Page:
Now, I can’t give you a set of pre-test/post-test data to prove that these skills are improved through using Temple Run. But what I can tell you is that because the game is mastery-based a player can’t progress in the game without improvement in motor skills, hand-eye coordination and spatial skills. (Sadly, I’ve learned this firsthand by the number of times my character has “died” on the rocks.)
But even though it’s hard to imagine anyone suggesting these kinds of skills are not real life skills, you might have some explaining to do if your Superintendent or Principal walks in and finds your kids playing Temple Run, right? So if that happens, remind them of this NCTM Geometry standard:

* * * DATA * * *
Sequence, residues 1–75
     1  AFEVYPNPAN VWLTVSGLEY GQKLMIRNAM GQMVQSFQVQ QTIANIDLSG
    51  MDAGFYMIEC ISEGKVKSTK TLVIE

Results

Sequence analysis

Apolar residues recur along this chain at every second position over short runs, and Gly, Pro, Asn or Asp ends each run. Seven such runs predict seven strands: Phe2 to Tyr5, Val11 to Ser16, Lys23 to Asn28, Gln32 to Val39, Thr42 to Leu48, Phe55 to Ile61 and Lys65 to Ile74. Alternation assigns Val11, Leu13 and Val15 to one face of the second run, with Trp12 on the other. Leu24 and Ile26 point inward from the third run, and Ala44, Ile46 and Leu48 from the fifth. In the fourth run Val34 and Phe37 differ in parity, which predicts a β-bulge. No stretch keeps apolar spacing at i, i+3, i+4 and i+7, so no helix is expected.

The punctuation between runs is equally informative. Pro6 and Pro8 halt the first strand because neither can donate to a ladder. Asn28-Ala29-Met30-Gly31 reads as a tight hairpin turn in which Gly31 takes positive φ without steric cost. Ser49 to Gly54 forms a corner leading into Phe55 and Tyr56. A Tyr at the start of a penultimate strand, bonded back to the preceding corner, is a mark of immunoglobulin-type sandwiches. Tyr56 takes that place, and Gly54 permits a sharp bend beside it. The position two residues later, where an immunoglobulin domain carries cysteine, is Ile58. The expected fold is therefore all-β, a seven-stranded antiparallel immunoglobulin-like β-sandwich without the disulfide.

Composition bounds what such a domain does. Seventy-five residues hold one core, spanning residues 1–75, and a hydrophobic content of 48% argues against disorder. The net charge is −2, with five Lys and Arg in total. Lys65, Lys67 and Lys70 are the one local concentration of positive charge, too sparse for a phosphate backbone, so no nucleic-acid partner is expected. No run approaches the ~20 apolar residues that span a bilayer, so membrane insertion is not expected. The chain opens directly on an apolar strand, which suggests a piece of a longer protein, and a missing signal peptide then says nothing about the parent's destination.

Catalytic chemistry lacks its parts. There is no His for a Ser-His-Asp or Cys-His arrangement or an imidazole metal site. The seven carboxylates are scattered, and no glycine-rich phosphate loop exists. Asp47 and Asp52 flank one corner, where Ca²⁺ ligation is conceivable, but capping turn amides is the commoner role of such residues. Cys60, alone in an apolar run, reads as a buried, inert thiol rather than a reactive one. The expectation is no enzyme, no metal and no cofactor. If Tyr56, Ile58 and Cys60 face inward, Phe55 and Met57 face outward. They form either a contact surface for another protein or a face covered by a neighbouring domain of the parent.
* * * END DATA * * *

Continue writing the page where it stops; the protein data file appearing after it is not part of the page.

Students will use visualization, spatial reasoning, and geometric modeling to solve problems.
So I’m a few steps closer to thinking outside the box now. Are you with me?
OMG! I think you have created a monster!!
Now if only other forms of learning were as addictive as this…
Uh oh!! Sorry, Marcel!!!
I want to thank you. As a game development student, I’m constantly fascinated about how games can help children become better educated in our society. Your article hits home with some of the things I think parents and many teachers fail to see about modern gaming. Games provide a slew of different challenges and tasks that require a player to multitask and they challenge their brain to process multiple problems at the same time. I really appreciate your evaluation of a game like Temple Run and I figured that perhaps you’d be interested to see an article I wrote about how games make kids smarter: